Institutions have been captured by the well-to-do bureaucrats, by corporate players, but most of all, by Big Government itself.  And the major political parties have become Institutions. Almost all the key institutions have burned through their brand-names, and climate change is surely one of the show ponies for Big Government’s blazing disregard. How many esteemed organisations joined the bandwagon of The Government against The People? Of the hundreds of national and historic groups, which Scientific and Academic institution or public broadcaster stood for the people?

Adam Nossiter tries to make out that this is “like Occupy”.

What ties these uprisings together, beyond the demands, is a rejection of existing parties, unions and government institutions that are seen as incapable of channeling the depth of their grievances or of offering a bulwark against economic insecurity.

But what makes France’s revolt different is that it has not followed the usual populist playbook. It is not tethered to a political party, let alone to a right-wing one. It is not focusing on race or migration, and those issues do not appear on the Yellow Vests’ list of complaints. It is not led by a single fire-breathing leader. Nationalism is not on the agenda.

The uprising is instead mostly organic, spontaneous and self-determined. It is mostly about economic class. It is about the inability to pay the bills.

In that regard, it is more Occupy than Orban

Except that Occupy was started by students, not workers and the key issue was inequality rather than grinding taxes. Occupy was the “99%” against the 1% of the most wealthy, but the Gilets Jaune is about the provinces against Paris. The people against The Governing Class. In the Occupy movement, fourteen times as many in the crowd identified with the US Democrats rather than Republicans. A third of the Occupy protestors had salaries over $100,000. [See Wikipedia, Protestor Demographics]. They are both leaderless uprisings against perceived unfairness, but that’s what any protest is about.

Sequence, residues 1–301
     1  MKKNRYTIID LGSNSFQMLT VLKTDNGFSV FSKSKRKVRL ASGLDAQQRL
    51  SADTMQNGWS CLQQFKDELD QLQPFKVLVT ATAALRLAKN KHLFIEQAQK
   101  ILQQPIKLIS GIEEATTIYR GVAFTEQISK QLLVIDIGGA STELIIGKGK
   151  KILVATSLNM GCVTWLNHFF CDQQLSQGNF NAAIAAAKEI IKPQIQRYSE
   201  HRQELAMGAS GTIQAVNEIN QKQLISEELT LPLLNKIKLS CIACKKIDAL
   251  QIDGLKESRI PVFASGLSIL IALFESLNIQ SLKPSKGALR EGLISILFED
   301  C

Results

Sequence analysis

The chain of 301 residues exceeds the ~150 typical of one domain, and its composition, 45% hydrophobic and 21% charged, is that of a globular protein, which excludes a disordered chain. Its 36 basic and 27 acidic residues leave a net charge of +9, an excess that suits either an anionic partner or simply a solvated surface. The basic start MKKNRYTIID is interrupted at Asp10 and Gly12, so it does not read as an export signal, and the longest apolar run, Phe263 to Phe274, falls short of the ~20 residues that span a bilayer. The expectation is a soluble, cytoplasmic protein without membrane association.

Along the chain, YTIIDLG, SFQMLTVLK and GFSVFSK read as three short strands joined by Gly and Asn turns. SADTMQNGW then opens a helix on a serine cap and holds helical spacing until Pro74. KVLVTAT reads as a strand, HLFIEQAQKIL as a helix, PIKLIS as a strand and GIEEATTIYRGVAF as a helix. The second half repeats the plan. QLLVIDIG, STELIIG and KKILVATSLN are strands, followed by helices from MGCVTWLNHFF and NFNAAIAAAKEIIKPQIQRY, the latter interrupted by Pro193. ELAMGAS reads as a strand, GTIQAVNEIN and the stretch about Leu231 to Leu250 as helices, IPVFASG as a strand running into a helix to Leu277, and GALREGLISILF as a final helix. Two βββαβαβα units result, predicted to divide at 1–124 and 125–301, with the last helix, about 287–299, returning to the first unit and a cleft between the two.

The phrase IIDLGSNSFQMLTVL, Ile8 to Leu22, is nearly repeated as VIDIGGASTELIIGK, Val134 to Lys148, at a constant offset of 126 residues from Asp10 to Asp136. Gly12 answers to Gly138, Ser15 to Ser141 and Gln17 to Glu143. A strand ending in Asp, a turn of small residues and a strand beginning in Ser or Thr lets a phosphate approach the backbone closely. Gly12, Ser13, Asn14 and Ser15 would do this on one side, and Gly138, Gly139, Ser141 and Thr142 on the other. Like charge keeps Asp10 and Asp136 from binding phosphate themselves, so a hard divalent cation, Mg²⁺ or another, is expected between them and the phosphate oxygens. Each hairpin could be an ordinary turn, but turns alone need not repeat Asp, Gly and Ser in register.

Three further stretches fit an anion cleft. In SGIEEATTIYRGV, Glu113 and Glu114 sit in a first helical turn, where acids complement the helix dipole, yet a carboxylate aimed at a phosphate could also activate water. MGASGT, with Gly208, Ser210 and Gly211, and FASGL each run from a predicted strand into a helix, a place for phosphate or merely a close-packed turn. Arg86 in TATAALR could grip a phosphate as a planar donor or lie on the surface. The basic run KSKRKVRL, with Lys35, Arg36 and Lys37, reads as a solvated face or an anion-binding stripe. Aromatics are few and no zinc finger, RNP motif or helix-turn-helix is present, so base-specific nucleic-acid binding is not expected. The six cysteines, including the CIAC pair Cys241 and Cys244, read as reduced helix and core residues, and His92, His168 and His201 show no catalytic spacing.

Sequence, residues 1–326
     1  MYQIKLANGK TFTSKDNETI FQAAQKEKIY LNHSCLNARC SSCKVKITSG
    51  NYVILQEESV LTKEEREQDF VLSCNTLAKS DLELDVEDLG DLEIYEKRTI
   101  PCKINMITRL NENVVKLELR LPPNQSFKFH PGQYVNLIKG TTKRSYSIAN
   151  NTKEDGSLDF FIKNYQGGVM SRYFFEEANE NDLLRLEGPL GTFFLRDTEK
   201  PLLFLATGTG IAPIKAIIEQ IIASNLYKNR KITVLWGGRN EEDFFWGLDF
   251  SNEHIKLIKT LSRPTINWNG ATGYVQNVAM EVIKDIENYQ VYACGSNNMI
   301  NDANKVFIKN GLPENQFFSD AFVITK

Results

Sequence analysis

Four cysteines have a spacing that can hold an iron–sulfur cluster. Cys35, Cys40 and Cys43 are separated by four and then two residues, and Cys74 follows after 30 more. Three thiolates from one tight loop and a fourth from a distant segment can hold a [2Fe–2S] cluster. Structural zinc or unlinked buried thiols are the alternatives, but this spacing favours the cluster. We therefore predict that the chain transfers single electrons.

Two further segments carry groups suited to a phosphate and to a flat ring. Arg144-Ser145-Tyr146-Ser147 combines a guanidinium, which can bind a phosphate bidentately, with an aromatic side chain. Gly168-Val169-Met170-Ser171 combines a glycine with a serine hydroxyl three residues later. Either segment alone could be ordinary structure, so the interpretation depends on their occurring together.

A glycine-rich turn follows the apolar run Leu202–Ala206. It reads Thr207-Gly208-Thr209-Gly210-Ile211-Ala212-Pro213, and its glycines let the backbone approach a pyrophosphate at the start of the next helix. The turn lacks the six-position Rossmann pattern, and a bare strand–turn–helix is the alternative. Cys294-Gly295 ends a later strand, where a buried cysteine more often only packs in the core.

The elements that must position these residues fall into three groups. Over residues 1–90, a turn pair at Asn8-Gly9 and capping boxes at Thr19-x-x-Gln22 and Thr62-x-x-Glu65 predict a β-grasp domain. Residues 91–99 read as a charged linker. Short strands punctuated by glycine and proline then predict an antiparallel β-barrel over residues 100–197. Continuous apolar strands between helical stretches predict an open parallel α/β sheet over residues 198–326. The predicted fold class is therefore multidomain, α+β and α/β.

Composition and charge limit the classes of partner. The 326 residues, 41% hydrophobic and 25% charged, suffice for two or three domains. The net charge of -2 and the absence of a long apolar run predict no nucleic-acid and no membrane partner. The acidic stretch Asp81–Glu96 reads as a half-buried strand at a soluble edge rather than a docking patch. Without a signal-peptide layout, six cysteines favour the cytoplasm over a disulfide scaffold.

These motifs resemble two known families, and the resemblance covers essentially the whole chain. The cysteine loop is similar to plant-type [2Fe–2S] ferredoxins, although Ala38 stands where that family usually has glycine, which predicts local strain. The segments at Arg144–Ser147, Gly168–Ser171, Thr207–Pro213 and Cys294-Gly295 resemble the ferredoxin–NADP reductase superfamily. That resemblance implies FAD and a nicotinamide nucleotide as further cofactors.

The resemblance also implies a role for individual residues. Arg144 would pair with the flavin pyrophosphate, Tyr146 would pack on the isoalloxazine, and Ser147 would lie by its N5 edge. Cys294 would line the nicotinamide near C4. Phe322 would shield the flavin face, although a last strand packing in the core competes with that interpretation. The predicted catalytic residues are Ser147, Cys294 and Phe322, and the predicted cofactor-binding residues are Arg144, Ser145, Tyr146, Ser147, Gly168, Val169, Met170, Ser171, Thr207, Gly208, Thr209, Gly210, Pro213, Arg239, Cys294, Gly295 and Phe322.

While France burns, the petals at the climate conference are “shocked” they couldn’t even officially use the world welcome in the minutes to laud their latest pseudo-scientific gloom and doom report, issued in October. The UNFCCC commissioned that report, probably because it needed to readjust the PR memes and reissue the same-old message that there was still time, but we Must Act Now Or Else [exclamation mark!].

Who knew, reports needed to become part of the family?

Matt McGrath, BBC:

Scientists and many delegates in Poland were shocked as the US, Saudi Arabia, Russia and Kuwait objected to this meeting “welcoming” the report. It was the 2015 climate conference that had commissioned the landmark study.

The report, launched in Incheon in South Korea, had an immediate impact winning praise from politicians all over the world.

Exactly. Only Big Government could get an apocalyptic report and “praise it”.

Instead they wanted to support a much more lukewarm phrase, that the conference would “take note” of the report.

Saudi Arabia had fought until the last minute in Korea to limit the conclusions of the document. Eventually they gave in. But it now seems that they have brought their objections to Poland. The dispute dragged on as huddles of negotiators met in corners of the plenary session here, trying to agree a compromise wording.

None was forthcoming.

Got to get those priorities straight eh?

 

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France: the streets belong to the Butchers and Bakers while the UN argues over a meanginless word, 10.0 out of 10 based on 1 rating

via JoNova

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December 10, 2018 at 01:28PM